This evening I finally finished the Windows command-line version of the PC client for IECHost’s disk dumping feature. That’s just one part of the good news: I also managed to port the “warp” transfer to the MCU I plan to use for this project and test it there, successfully 🙂
Luckily, after some review of my code, I noticed that the MCUs that are in the same family don’t require separate code tuning: The wiring of the IEC bus signals on the MCU I plan to use are slightly different compared to the MCU I was initially using for implementing the warp transfer. Once that was accounted for, things worked absolutely fine!
Just to recap, the current IECHost client can be used on a PC running Windows in order to receive a GCR image of the data sectors from a disk spinning in a 1541 drive connected to IECHost. Such image is then converted to a D64, very similarly to what WarpCopy64 does.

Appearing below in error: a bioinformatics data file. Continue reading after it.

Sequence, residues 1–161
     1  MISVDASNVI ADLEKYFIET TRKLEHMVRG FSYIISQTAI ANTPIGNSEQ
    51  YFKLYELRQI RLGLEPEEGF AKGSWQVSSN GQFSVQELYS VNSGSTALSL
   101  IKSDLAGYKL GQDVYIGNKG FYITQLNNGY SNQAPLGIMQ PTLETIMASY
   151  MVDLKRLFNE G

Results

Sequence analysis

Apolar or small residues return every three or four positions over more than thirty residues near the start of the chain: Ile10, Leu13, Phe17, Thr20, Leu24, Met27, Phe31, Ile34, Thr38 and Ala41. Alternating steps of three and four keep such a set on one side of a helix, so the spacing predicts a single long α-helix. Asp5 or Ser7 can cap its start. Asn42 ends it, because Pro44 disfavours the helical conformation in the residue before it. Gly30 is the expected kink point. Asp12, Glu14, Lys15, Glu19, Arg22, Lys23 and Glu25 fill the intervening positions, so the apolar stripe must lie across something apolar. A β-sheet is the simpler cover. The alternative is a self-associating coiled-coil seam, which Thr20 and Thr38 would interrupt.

Total cost of the raw materials is around 5 GBP. I will work at a PCB design after Easter. I will also optimize the client software in order to buffer all GCR data in memory, while still going through some error checking to ensure the transfer from the 1541 is error free, and then do the bulk of the conversion ahead of saving to disk.
At the moment I am buffering a single sector in the PC client, converting it and saving it to disk, which on my old and slow PC slows down the receipt of data from IECHost. However, overall disk dumping times are still comparable to WarpCopy64’s 🙂